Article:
Can You Make a Living Selling Schmatas?

Braving the dangerous world of vintage clothing vendors

Some dealers come from even farther away than California. A guy who insists that he be identified as Angela Nechay's husband arrived from Ukraine 18 years ago with English skills, he says, limited to "yes and no, hi and bye." He sold general antiques at a flea market until his wife's enthusiasm for old clothes took over. "My wife likes to dress up," he says. "She likes beautiful things." A former teacher in Ukraine, he turned his scholarly attentions to costume history: "We bought books and studied. Little by little, we were only selling vintage clothing."

But not everyone comes to the business propelled by an affection for Talitha Getty caftans and Annette Funicello circle skirts. Jerome Wilson tells me that the only reason he segued into clothes from his original passion, table linens, is that the younger generation doesn't seem to care much about sitting down to formal dinners every Sunday or changing the draperies each spring the way his family did when he was growing up in Nutley, New Jersey.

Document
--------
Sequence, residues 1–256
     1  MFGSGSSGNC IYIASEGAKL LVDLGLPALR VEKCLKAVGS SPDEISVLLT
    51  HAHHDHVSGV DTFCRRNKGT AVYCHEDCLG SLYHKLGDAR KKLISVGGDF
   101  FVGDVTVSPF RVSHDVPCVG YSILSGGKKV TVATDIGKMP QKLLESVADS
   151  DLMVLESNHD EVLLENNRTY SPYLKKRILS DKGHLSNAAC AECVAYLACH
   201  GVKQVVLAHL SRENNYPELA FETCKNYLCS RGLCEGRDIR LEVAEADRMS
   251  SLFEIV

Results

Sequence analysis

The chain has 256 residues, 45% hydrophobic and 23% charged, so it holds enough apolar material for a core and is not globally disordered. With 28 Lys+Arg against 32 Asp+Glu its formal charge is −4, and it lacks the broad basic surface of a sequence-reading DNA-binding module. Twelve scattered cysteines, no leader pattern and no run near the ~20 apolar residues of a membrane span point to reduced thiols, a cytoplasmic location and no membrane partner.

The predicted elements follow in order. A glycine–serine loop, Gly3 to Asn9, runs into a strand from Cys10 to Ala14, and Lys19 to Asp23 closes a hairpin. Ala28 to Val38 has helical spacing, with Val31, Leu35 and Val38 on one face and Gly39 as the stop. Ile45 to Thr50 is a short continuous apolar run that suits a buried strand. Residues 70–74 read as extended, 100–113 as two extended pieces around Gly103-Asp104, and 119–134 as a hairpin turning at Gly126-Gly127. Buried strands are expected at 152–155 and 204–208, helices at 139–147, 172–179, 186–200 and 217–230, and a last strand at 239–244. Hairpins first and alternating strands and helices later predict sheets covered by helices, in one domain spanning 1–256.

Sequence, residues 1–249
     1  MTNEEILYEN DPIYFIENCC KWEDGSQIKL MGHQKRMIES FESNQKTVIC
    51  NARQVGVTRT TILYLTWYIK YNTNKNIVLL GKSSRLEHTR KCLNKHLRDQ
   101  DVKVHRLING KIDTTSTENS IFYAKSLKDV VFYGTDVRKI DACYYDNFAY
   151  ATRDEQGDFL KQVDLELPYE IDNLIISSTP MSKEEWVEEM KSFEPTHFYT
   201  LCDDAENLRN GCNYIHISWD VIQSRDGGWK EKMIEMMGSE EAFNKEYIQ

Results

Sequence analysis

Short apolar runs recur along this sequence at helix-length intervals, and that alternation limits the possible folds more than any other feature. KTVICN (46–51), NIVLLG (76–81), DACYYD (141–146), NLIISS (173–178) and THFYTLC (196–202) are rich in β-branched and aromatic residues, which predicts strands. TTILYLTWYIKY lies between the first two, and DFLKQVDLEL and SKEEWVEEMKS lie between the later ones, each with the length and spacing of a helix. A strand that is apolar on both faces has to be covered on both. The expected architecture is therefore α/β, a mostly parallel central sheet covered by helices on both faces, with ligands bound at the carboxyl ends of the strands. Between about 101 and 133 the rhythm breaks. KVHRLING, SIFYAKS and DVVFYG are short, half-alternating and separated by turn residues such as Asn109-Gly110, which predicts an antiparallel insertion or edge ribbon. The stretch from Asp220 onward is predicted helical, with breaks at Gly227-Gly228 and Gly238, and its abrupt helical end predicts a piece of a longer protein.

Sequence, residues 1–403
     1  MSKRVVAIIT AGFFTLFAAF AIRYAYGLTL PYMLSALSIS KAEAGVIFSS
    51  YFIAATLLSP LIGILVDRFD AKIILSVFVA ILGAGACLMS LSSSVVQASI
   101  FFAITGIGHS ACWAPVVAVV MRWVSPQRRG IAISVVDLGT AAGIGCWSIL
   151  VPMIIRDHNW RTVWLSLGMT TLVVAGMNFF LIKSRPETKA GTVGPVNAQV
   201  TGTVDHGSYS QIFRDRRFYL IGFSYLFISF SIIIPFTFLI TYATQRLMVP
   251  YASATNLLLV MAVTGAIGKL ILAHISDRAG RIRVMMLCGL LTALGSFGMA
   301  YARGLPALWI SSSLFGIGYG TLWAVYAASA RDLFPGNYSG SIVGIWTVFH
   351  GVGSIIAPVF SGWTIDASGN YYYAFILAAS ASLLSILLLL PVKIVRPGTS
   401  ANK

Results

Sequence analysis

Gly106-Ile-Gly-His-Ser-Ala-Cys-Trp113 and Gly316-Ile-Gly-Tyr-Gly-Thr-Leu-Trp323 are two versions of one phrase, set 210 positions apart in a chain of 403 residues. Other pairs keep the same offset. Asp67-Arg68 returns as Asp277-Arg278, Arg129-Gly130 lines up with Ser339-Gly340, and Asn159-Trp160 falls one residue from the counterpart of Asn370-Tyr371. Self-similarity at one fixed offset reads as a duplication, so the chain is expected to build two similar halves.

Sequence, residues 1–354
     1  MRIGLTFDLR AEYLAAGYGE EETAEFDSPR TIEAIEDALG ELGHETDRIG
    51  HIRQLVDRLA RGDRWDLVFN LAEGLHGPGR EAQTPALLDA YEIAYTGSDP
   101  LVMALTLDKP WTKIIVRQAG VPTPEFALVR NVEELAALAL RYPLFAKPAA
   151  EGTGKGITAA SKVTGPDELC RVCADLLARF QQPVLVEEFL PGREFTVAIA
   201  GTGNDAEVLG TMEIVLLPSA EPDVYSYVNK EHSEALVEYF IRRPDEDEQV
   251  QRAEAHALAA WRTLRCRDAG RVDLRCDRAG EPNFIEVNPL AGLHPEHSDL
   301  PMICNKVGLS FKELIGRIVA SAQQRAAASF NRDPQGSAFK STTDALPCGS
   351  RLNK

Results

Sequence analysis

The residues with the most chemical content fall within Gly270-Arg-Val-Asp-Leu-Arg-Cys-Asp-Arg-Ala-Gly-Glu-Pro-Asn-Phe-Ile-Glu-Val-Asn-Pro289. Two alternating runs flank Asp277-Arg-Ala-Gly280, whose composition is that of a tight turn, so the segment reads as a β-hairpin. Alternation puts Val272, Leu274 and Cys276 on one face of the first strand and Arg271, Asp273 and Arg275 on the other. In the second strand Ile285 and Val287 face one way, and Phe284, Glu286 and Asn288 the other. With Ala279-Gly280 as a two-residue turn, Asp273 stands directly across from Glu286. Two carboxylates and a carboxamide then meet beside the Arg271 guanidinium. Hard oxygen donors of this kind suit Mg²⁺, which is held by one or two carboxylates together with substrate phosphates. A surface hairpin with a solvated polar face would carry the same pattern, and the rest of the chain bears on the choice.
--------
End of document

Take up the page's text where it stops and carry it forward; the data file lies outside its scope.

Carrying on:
Historic yarns: vintage vendors Heloise Williams (above) and Circa Now's Nicole Tondre (far left) and Lisa Fuller
Photographs by Kate Lacey
Historic yarns: vintage vendors Heloise Williams (above) and Circa Now's Nicole Tondre (far left) and Lisa Fuller

"If Lindsay Lohan was blowing her nose on a linen napkin, or E! had a segment on old damask, maybe that would help," he sighs as a young woman trying on an 80-year-old lace dress flaps around his booth, happy as Zelda Fitzgerald on her way to the Biltmore bar.

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